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teaches us that we must forgive “seventy times seven,” which means we must always forgive. Paul, too, writes that we should bear with one another and forgive one another because, in the same way, God has forgiven us. All of these passages from God’s Word make it very clear that unforgiveness is never an option for the committed believer.
4. The destruction of unforgiveness.
What are the consequences of an unforgiving spirit? Jesus teaches us that God wants to answer our prayers, but that we must first forgive others. If we don’t, it will make us bitter and will affect our prayer life. Likewise, our worship will be affected. Jesus teaches us that when we are in conflict, we are to stop—even in the middle of our worship—and go to set matters right. Our witnessing, our giving, and our overall spiritual growth are terribly weakened by a heart that carries bitterness. Every other aspect of life is affected as well. When we are loaded down with stress, anxiety, and resentment, physical illness may result. Finally, because others don’t enjoy being around bitter people, our relationships are poisoned.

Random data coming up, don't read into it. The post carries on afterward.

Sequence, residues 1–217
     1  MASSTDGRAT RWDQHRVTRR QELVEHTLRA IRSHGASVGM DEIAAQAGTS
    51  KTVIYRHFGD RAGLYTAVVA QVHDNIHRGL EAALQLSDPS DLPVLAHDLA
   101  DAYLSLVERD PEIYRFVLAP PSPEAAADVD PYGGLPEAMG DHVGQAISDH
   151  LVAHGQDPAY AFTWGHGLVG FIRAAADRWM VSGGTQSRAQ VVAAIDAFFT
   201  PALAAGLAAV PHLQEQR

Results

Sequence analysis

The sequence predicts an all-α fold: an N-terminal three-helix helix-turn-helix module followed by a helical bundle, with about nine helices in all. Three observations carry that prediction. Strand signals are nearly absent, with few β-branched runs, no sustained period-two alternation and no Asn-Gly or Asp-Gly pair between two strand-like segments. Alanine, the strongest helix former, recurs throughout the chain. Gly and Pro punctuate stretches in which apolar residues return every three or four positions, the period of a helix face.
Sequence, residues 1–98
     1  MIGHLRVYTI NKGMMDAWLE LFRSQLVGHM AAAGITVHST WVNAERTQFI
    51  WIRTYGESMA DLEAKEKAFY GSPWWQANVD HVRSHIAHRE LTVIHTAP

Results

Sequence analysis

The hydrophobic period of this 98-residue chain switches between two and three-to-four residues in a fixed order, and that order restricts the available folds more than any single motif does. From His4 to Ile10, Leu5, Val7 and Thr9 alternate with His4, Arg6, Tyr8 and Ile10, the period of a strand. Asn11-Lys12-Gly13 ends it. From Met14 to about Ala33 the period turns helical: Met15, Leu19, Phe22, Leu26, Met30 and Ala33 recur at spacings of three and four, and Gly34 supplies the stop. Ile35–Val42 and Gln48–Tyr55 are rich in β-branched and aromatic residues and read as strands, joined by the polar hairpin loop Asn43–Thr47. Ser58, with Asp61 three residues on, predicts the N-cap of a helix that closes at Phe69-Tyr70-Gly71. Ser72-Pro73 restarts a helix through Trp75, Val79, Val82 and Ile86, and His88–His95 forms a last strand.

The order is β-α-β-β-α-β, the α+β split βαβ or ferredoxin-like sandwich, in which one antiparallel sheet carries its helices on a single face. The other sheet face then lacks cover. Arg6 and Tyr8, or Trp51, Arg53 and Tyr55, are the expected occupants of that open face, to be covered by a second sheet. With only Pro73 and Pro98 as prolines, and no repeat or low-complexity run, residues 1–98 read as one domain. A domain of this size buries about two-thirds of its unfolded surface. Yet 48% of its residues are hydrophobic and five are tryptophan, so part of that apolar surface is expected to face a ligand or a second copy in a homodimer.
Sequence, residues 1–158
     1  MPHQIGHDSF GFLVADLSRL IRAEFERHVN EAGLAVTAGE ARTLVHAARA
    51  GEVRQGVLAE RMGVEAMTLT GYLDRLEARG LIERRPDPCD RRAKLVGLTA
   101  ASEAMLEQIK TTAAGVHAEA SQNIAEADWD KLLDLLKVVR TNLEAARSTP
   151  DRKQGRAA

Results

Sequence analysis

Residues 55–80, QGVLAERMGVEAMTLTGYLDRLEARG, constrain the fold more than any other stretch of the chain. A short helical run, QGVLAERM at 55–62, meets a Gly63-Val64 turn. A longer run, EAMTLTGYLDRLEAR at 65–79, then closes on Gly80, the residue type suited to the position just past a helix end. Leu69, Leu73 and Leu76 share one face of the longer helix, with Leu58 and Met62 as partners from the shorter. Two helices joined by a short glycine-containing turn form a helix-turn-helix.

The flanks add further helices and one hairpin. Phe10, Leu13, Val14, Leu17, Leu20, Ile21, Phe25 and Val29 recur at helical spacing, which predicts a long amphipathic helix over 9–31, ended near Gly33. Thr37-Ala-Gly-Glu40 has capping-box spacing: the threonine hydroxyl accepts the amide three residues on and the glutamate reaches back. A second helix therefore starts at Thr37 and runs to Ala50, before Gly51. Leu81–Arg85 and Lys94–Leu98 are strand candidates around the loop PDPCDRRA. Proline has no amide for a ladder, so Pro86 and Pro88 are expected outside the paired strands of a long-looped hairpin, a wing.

5. Dealing with unforgiveness.
To confront an unforgiving spirit, the first requirement is to take it seriously and assume full responsibility for our own decisions and actions. We acknowledge unforgiveness as a sin and confess it honestly to God. The next step is to lay our anger down—strip it away—because then we can ask God’s forgiveness. After that, we should begin praying for the other person. If that person has been aware of our bitterness, we should go to them and ask their forgiveness. We can live out God’s grace by asking Him to show us something we can do on that person’s behalf—serving them instead of resenting them. Finally, we prevent the devil from trapping us again by refusing to rehash the same old issue or allowing the bitterness to seep back in. This debt must be forgiven and canceled in the same way our sins are.
6. Demonstrating forgiveness.
Some Christians believe they have forgiven the person that’s wronged them, but the roots of bitterness are still deep in their hearts. So how can you know you have truly forgiven someone? There are two indications that you have been obedient to Christ in this area. First, you know you have forgiven when your feelings toward the other person have changed. When you see him or her, you will be aware that the resentment is gone. Second, you know your forgiveness is genuine when you feel concern for the other person—you care about his or her spiritual welfare and you want what is best for him or her.
I have discovered how God blesses us when we choose to forgive others. He removes all the baggage of resentment, malice, and wrath that weighs us down. Then, all the goodness of His righteousness can come flooding into our spirits and our lives can be as joyful and fulfilling
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